Space and time are the stuff of science fiction, both so familiar that we hardly notice them and far more complex than we ever imagine. Mathematicians and physicists have tried to make sense of space: the coordinates of GPS appear to label even empty space, and Euclid imagined geometric shapes composed of infinitely thin lines: powerful abstractions, but problematic philosophically and practically.  Euclid’s space was flat, smooth and without fracture, but the surface of the earth and WiFi connectedness break this simplifying image creating problems and design opportunities.  Size, speed and even acceleration are often relative – a fact of physics, but also evident in our day-to-day lives, from snowflakes to circuit boards.  Even the ground beneath our feet is not so solid. In following chapters we will see how many of these physical properties of space and time impact on the design of digitally augmented space, and indeed computation itself.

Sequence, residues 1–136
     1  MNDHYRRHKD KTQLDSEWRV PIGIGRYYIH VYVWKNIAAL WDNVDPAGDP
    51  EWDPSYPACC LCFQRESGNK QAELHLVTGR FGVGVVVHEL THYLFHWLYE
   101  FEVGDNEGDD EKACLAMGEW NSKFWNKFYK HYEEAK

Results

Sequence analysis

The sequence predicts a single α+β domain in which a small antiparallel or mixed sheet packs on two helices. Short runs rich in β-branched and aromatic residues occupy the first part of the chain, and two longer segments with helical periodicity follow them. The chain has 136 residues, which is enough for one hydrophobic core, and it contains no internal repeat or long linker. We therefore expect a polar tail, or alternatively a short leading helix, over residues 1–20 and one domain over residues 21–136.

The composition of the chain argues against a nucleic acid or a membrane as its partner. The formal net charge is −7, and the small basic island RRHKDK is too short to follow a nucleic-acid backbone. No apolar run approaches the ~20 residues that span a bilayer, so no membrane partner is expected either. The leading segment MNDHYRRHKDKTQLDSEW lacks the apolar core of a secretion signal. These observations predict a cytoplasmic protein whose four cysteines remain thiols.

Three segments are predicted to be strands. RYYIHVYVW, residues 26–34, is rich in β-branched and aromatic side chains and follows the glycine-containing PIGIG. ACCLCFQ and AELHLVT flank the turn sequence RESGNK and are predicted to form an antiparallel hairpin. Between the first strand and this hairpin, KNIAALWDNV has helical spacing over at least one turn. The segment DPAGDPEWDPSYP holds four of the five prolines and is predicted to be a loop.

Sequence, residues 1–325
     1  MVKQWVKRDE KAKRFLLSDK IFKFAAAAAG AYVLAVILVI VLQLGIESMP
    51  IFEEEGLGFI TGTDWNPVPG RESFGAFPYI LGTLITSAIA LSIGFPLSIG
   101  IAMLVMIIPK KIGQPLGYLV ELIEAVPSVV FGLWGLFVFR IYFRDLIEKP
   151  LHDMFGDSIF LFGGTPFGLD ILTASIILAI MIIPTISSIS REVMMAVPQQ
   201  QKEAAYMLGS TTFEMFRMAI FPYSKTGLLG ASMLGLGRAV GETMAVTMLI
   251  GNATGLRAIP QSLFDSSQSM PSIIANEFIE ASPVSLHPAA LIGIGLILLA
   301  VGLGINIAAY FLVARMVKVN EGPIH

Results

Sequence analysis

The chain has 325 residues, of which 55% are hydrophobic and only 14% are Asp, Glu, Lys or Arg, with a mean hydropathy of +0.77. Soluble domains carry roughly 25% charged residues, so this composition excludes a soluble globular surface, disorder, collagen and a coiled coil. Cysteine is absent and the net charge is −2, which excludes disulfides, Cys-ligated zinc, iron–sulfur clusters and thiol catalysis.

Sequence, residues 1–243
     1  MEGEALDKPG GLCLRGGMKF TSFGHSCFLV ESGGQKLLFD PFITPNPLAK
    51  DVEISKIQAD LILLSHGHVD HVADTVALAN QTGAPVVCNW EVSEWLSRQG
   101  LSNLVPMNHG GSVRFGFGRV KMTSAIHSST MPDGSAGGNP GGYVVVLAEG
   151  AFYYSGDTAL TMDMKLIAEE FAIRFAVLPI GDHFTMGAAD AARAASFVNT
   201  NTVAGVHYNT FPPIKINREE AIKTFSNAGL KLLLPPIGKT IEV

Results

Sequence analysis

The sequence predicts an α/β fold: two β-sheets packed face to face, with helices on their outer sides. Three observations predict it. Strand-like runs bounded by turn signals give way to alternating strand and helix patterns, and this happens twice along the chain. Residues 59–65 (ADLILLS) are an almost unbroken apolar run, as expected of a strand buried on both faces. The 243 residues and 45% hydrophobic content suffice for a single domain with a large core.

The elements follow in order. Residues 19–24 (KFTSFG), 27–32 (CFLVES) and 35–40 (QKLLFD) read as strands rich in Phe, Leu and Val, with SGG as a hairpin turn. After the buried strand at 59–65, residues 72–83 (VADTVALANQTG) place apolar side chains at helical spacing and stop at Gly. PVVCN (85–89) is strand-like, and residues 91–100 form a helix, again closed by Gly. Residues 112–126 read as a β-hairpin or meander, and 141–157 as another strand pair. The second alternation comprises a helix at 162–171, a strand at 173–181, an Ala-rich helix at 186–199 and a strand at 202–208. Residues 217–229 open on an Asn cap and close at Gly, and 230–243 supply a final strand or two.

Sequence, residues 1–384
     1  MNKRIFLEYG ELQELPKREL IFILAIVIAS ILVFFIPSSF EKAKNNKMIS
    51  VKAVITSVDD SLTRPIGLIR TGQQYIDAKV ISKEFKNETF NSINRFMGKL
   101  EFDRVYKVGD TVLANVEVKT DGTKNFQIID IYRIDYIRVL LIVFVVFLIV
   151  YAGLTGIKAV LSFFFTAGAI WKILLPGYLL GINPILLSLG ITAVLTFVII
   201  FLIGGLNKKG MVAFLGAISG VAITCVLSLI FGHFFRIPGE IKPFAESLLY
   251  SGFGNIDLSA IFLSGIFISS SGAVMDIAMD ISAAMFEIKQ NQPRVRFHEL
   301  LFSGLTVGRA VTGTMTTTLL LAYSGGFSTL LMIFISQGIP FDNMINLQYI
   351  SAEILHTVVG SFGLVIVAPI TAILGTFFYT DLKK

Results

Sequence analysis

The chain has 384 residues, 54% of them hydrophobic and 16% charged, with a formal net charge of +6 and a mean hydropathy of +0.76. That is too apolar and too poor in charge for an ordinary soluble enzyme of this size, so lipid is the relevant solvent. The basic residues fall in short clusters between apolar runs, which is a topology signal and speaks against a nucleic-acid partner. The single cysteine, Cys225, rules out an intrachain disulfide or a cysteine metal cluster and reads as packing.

Keywords: Physicality of space, Space-time, Euclid, Digital augmentation, Computation, Relativity